The Unity 22 flight further reaffirms our technical readiness, our rigorous pilot training program and the inherent safety of our spaceflight system, particularly in light of changing flight conditions. As we move toward commercial service, we are confident we have the right safety culture, policies and processes in place to build and operate a safe and successful business over the long term.

Statement on the FAA

Although the flight’s ultimate trajectory deviated from our initial plan, the Unity 22 flight did not fly outside of the lateral confines of the protected airspace. As a result of the trajectory adjustment, the flight did drop below the altitude of the airspace that is protected for Virgin Galactic missions for a short distance and time (1 minute and 41 seconds) before re-entering restricted airspace that is protected all the way to the ground for Virgin Galactic missions. At no time did the ship travel above any population centers or cause a hazard to the public. FAA representatives were present in the control room during the flight and in post-flight debriefs. We are working in partnership with the FAA to address the airspace for future flights.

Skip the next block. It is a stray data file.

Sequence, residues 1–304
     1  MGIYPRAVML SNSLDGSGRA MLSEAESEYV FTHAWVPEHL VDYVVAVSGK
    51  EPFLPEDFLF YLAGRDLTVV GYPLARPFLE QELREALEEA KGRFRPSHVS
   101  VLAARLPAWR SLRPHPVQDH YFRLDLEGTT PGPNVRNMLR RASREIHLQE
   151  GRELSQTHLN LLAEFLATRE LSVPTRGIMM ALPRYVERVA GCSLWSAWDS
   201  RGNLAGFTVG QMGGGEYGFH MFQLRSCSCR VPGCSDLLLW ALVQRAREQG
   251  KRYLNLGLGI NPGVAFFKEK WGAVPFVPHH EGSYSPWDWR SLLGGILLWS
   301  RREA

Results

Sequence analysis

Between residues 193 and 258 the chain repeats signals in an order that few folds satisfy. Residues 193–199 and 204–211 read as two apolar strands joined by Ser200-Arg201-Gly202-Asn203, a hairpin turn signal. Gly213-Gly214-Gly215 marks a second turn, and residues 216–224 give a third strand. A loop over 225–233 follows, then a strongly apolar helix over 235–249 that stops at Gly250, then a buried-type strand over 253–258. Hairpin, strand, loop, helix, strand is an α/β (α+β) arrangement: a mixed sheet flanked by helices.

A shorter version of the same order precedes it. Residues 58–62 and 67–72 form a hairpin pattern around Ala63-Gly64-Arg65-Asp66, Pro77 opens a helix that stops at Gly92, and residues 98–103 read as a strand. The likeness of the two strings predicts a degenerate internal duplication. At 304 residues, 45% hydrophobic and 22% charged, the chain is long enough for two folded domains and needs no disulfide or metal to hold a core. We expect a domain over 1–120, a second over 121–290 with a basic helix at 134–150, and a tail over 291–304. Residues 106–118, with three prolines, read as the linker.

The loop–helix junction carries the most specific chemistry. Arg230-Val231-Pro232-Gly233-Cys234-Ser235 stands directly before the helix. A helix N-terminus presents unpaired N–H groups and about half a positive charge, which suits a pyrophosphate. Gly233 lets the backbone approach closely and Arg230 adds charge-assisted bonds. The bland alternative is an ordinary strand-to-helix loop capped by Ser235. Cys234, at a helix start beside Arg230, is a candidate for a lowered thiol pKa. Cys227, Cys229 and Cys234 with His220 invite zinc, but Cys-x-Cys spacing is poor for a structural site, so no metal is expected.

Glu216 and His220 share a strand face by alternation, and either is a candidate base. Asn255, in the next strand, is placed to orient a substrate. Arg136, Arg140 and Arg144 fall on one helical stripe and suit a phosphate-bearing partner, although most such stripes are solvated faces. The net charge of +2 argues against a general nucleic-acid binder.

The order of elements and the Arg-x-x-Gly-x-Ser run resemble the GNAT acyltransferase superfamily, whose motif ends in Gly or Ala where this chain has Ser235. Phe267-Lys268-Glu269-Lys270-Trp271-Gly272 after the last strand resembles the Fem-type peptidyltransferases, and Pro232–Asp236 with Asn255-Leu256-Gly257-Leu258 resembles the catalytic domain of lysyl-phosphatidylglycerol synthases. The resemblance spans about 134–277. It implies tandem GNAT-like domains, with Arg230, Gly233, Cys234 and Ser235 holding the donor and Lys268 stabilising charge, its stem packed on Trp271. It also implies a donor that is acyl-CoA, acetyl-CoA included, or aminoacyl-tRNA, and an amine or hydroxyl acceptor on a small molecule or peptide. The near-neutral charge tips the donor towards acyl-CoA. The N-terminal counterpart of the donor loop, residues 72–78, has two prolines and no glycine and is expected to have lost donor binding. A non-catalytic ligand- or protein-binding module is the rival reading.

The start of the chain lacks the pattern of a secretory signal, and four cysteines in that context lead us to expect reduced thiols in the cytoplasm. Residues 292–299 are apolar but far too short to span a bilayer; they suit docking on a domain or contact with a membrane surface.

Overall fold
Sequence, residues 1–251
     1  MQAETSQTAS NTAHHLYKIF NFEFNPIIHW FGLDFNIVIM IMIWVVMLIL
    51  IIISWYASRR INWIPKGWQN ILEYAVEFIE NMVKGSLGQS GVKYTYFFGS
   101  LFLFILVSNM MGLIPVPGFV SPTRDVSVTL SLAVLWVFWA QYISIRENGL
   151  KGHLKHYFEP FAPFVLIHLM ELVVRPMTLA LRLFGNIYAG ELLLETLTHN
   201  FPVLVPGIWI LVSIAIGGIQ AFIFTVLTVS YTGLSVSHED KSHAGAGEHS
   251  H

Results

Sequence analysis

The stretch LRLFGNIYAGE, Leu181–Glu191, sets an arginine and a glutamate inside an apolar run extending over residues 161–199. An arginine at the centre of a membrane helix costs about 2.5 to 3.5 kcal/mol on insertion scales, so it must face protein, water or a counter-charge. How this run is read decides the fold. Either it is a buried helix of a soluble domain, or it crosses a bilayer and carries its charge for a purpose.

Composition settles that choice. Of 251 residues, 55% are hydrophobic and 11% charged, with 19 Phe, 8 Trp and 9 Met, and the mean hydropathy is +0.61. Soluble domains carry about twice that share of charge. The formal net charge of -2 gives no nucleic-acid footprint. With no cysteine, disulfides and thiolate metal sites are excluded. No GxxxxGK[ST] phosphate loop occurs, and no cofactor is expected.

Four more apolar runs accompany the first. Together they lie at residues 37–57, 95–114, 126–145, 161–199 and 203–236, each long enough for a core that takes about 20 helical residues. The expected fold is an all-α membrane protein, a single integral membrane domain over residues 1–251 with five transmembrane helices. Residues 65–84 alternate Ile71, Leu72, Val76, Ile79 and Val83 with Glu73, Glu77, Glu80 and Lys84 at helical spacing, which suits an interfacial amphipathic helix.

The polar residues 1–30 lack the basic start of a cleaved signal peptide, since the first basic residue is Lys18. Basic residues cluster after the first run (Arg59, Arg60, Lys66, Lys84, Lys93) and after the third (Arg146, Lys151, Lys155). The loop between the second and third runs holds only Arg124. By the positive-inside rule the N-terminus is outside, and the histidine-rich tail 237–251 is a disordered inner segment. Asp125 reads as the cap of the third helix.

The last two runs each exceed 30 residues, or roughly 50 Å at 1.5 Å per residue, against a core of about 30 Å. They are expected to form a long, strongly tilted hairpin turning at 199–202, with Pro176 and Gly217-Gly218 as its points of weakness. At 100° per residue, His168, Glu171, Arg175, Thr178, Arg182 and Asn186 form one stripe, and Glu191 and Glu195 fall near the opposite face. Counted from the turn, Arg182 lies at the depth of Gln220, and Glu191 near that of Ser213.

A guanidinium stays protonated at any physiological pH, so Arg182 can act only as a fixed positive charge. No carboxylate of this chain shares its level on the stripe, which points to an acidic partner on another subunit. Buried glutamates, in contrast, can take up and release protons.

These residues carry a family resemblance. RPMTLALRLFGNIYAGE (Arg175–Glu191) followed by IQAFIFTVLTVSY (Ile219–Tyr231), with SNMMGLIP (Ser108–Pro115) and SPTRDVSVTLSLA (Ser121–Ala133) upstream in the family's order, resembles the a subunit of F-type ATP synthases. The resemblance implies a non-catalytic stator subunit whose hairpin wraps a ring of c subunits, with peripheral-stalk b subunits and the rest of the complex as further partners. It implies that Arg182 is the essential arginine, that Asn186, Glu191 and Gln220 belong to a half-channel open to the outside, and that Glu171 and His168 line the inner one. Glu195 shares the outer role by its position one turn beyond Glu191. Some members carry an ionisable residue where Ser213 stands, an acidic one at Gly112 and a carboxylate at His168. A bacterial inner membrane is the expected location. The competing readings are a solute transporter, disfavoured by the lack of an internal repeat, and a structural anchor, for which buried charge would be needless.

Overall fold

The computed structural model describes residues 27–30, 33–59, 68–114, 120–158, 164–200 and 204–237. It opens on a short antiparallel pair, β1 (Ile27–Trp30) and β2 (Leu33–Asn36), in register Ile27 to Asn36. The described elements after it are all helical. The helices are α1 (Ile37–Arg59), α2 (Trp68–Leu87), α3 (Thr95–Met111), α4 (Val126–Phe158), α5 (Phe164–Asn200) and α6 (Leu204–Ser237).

Report: Branson’s Flight into Space Experienced Serious Anomaly; Company Fired Flight Test Director

Richard Branson and other passengers float around in weightlessness. (Credit: Virgin Galactic)

by Douglas Messier
Managing Editor

By all appearances, Richard Branson’s 17-years-in-the-making flight to the edge of space went exactly as planned on July 11. Or at least that was the impression left by Virgin Galactic’s webcast of SpaceShipTwo VSS Unity’s flight test from Spaceport America in New Mexico.

But, for the second time in four suborbital flights, VSS Unity experienced a serious anomaly. The ship with its hybrid engine firing wasn’t rising steeply enough as it soared toward space, Nicholas Schmidle reports in The New Yorker:

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Virgin Galactic Raises Ticket Prices to $450,000, Delays Commercial Flights 2 Quarters, and Reports $94 Million 2nd Quarter Net Loss

Richard Branson and other passengers float around in weightlessness. (Credit: Virgin Galactic)

by Douglas Messier
Managing Editor

On July 11, Richard Branson returned from a suborbital journey declaring the start of a new era of flight that would make outer space open to everyone, and promoting a raffle for two averagenauts to fly aboard early flights of Virgin Galactic’s SpaceShipTwo.

Today, Virgin Galactic announced it was hiking the cost of those seats from $250,000 to $450,000 for new ticket buyers. It was the second time the company has raised ticket prices even before any paying passengers have flown. In 2013, the price rose from $200,000 to $250,000. The first paying passengers haven’t even flown yet.